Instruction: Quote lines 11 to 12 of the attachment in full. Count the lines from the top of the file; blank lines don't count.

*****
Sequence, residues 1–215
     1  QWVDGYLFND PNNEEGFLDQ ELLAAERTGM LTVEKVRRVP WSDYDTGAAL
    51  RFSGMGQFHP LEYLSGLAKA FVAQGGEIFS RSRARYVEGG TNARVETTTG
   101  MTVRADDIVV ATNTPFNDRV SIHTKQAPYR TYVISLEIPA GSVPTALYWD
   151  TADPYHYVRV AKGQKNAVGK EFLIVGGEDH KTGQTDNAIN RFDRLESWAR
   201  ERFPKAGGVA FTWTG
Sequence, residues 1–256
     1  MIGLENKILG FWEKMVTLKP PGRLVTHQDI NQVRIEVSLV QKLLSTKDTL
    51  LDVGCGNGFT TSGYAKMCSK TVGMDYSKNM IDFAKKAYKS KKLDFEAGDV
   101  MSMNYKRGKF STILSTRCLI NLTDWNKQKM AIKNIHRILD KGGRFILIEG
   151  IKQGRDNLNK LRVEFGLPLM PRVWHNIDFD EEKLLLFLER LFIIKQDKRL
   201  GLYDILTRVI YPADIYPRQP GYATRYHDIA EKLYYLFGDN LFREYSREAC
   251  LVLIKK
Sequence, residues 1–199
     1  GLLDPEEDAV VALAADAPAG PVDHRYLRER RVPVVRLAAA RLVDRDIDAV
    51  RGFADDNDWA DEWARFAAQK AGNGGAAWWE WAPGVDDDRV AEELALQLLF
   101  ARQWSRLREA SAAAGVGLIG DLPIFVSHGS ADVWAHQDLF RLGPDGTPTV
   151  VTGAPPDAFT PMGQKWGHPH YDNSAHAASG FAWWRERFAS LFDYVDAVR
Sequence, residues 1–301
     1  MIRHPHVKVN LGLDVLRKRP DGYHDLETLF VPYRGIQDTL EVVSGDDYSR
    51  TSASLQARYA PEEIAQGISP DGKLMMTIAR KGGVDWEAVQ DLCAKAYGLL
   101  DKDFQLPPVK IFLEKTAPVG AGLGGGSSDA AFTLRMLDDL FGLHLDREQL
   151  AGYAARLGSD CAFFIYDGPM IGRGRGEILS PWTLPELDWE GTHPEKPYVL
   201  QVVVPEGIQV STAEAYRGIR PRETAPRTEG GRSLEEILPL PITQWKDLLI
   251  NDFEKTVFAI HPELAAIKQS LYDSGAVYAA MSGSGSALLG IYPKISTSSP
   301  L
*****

   151  IKQGRDNLNK LRVEFGLPLM PRVWHNIDFD EEKLLLFLER LFIIKQDKRL
   201  GLYDILTRVI YPADIYPRQP GYATRYHDIA EKLYYLFGDN LFREYSREAC